In an editorial a few weeks ago, The Washington Post, took the FAA and the DOT to task over reports that indicated neither organization was paying close enough attention to the allegations they ha
In a May 8 letter to the White House and Congress, Special Counsel Carolyn Lerner said, “The FAA has the highest rate of whistleblower filings per employee of any federal branch agency.” Half of those reports received by the Office of Special Counsel (OSC) relate to aviation.
One of the pillars of modern aviation safety, cockpit resource management was introduced to commercial aviation more than two decades ago. Among other things, CRM was meant to draw the curtain on the era of the submissive copilot and flight engineer cowed by an overbearing “gear up, shut up” captain.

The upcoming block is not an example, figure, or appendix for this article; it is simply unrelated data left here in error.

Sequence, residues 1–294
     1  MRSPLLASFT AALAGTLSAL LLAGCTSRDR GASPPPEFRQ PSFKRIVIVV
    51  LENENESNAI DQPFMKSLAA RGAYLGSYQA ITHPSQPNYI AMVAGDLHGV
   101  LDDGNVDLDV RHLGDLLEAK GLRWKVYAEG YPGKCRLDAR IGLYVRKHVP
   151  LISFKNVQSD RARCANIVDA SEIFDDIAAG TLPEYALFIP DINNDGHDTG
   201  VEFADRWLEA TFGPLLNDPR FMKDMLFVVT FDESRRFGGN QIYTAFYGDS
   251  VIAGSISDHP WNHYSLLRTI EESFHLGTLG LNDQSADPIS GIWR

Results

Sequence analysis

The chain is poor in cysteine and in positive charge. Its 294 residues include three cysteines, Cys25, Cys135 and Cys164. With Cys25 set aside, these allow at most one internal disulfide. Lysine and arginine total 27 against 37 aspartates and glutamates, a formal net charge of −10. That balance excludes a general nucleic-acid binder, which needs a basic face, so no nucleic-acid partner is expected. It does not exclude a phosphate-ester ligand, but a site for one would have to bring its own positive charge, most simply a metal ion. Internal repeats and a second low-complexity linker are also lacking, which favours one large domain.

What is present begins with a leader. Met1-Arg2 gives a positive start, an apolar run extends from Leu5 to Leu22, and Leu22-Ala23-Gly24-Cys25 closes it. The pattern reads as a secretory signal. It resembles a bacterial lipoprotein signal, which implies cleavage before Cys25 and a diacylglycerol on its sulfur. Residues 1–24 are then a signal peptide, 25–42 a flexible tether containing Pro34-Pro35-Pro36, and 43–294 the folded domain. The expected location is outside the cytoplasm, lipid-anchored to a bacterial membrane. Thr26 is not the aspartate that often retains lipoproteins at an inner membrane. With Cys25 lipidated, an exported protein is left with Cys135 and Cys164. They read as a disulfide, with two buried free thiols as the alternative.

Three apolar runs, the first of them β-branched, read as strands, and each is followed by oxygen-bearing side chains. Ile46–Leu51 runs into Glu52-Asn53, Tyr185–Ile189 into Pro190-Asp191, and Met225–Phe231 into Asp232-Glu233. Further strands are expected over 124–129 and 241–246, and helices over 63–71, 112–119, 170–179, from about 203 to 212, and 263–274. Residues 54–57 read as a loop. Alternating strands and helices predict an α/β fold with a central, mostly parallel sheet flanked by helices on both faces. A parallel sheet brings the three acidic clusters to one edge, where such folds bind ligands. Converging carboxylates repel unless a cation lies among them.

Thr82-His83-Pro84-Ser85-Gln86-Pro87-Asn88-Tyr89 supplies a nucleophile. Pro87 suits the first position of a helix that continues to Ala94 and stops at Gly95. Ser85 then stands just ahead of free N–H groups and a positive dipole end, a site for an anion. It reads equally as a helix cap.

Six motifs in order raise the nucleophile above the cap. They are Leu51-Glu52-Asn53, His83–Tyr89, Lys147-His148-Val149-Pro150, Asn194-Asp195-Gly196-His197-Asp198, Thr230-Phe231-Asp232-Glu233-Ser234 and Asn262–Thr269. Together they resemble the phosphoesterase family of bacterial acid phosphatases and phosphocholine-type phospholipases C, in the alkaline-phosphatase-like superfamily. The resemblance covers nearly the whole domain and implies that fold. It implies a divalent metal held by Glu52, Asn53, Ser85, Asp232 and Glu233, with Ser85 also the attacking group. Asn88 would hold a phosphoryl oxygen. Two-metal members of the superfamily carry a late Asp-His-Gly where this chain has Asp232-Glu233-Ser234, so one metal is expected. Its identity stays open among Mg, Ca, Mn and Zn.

At AEI’s 38th Annual Congress last month in Hamburg one of Europe’s leading regulators refused to support aviation industry whistleblowers. According to Robert Alway, a spokesman for Aircraft Engineers International (AEI) of The Netherlands, while many countries at least give lip service to protecting whistleblowers, Luftfahrt Bundesamt, Germany’s counterpart to the FAA, refused to support them.
The last few months have been difficult for a number of aviation players. First, there were several whistleblower complaints from FAA aviation safety inspectors who risked their futures to make serious allegations against their management in the southwest region. These allegations had been under investigation for some time when the U.S. Congress decided to hold hearings and have FAA senior management respond to them in a public forum.